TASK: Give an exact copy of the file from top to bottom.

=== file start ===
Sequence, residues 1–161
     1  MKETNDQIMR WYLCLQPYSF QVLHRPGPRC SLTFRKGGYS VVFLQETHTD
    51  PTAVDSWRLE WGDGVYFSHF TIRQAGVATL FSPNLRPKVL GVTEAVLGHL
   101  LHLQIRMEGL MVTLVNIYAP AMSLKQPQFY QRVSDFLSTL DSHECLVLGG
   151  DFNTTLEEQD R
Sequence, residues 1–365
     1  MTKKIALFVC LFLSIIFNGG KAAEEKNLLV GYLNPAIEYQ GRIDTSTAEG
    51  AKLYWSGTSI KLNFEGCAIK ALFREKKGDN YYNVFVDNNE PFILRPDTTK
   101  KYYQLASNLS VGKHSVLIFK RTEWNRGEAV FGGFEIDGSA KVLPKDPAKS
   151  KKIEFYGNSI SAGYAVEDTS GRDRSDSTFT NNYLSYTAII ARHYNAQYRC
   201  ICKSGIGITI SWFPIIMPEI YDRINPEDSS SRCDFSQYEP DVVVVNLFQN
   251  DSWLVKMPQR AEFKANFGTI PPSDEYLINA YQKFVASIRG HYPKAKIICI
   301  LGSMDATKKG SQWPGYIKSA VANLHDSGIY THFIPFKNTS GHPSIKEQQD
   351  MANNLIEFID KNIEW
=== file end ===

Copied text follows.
Sequence, residues 1–161
     1  MKETNDQIMR WYLCLQPYSF QVLHRPGPRC SLTFRKGGYS VVFLQETHTD
    51  PTAVDSWRLE WGDGVYFSHF TIRQAGVATL FSPNLRPKVL GVTEAVLGHL
   101  LHLQIRMEGL MVTLVNIYAP AMSLKQPQFY QRVSDFLSTL DSHECLVLGG
   151  DFNTTLEEQD R
Sequence, residues 1–365
     1  MTKKIALFVC LFLSIIFNGG KAAEEKNLLV GYLNPAIEYQ GRIDTSTAEG
    51  AKLYWSGTSI KLNFEGCAIK ALFREKKGDN YYNVFVDNNE PFILRPDTTK
   101  KYYQLASNLS VGKHSVLIFK RTEWNRGEAV FGGFEIDGSA KVLPKDPAKS
   151  KKIEFYGNSI SAGYAVEDTS GRDRSDSTFT NNYLSYTAII ARHYNAQYRC
   201  ICKSGIGITI SWFPIIMPEI YDRINPEDSS SRCDFSQYEP DVVVVNLFQN
   251  DSWLVKMPQR AEFKANFGTI PPSDEYLINA YQKFVASIRG HYPKAKIICI
   301  LGSMDATKKG SQWPGYIKSA VANLHDSGIY THFIPFKNTS GHPSIKEQQD
   351  MANNLIEFID KNIEW